A City of Spell Books and Broomsticks: London in the Literature of the Fantastic
'Can we buy all this in London?’ Harry wondered aloud.
'If yeh know where to go,' said Hagrid.
From the Hogwarts Express on Platform 9¾ at King's Cross Station, to the Cybermen on the steps of St Paul’s Cathedral, to Spider-Man precariously perched on the parapet of Tower Bridge, London has inspired the fantastical imagination like no other city. This course explores London’s predominance in Anglophone fantasy literature and its multifaceted representations, refractions, mutations, and transformations. It examines the intersection between the fantasy genre and the city of London as both a concrete location and an imaginary space.
This course provides a unique opportunity to study London-based fantasy and science fiction on the undergraduate level. Over six weeks, students will hone their critical faculties, sharpen their arguments, exercise independent thought and creative approaches, and develop their close reading skills and their ability to sustain comparative readings across literary works. They will analyze the dialectic between the fantasy genre and the city of London and explore the interrelationships between literature, location, history, and culture. The course will range across a diverse corpus of London-based fantasies from the nineteenth century to the present, primarily works of literature, including extracts and short stories from authors such as Edith Nesbit, C. S. Lewis, and Ben Aaronovitch, but also the first film in the Harry Potter series, and the first episode of the new Doctor Who series.
From week to week, students will reflect upon the role of fantastical literature within its wider historical, cultural, social, and political contexts. We will engage with the questions at the heart of contemporary debates about fantasy literature: to what extent is fantastical fiction merely escapism from so-called ‘real life’? Why has the fantasy genre remained so enduringly popular? Why has London remained the foremost city of science fiction and fantasy, and how do London-based fantasies differ from those set in the countryside or in invented worlds? Why does Diggory dismiss London as ‘a beastly Hole’? Why does the TARDIS still look like it’s a 1950s police box? Why does Hufflepuff always draw the short end of the stick? And is the ghost of a centuries dead huckster from Covent Garden a reliable witness in a murder investigation?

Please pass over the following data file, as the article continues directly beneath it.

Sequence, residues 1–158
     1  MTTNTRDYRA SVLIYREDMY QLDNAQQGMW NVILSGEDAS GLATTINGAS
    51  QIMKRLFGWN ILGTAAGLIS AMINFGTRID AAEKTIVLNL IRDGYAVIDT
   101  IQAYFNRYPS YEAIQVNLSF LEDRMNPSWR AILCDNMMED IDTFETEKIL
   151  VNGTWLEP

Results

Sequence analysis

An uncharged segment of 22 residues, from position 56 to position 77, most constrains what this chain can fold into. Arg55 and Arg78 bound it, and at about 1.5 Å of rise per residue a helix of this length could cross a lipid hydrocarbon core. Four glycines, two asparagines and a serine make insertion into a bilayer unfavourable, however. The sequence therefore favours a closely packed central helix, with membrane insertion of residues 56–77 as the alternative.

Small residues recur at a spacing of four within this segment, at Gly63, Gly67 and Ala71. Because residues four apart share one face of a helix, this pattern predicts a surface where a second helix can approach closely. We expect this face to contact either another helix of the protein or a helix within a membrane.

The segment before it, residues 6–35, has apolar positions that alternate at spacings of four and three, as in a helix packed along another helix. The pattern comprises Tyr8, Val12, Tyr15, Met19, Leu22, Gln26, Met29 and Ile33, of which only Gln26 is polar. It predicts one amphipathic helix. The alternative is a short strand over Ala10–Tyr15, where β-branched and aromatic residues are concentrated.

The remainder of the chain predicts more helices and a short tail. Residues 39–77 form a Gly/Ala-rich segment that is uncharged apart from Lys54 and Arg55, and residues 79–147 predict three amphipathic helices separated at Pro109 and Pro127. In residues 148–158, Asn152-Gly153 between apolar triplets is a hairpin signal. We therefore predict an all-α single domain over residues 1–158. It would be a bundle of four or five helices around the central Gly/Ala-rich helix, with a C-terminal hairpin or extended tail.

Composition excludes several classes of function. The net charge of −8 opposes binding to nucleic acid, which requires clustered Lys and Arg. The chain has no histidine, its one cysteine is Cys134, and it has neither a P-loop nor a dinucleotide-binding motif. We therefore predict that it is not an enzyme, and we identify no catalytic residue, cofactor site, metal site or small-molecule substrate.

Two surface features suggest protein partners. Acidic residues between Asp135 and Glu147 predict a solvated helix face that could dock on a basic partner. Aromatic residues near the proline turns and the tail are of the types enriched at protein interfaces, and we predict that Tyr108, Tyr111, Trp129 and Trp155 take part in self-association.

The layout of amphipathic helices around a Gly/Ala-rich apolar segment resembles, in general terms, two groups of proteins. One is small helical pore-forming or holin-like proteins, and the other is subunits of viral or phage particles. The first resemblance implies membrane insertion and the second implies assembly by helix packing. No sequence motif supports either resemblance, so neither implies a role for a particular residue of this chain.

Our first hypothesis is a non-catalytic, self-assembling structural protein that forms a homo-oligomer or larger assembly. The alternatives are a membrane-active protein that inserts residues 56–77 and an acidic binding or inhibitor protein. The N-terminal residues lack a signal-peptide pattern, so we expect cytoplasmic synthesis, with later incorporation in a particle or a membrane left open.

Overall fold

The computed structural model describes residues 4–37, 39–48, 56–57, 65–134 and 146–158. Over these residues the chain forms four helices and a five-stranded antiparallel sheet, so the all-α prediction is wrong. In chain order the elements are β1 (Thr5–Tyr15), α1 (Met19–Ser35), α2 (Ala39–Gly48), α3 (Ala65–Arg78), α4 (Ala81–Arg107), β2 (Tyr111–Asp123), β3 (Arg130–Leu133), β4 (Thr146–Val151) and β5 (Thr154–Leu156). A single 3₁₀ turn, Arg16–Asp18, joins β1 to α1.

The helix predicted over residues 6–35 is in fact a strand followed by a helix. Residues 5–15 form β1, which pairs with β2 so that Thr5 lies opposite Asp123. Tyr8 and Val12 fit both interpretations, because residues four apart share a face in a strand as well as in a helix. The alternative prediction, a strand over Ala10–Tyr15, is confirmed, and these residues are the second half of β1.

Program Date: March 15 - April 24, 2021
Students will meet online on Saturdays from 11:30AM - 1PM (Eastern Standard Time) with additional asynchronous time requirements of 1hr+ per week.
Hadas Elber-Aviram is an Adjunct Assistant Professor at the University of Notre Dame's London Global Gateway. She was awarded a PhD from University College London, and specializes in nineteenth- and twentieth-century urban fiction, with a particular focus on (but not limited to) the urban fantastic.
Elber-Aviram has published on topics ranging from Dickens's influence on Mervyn Peake and China Miéville, to H. G. Wells's fantastical London, to the representation of vampires in science fiction, to the affiliations between urban archeology and urban fantasy. Her first monograph, Fairy Tales of London: British Urban Fantasy, 1840 to the Present, was accepted for publication by Bloomsbury Academic, and is scheduled to be published on 12 November 2020.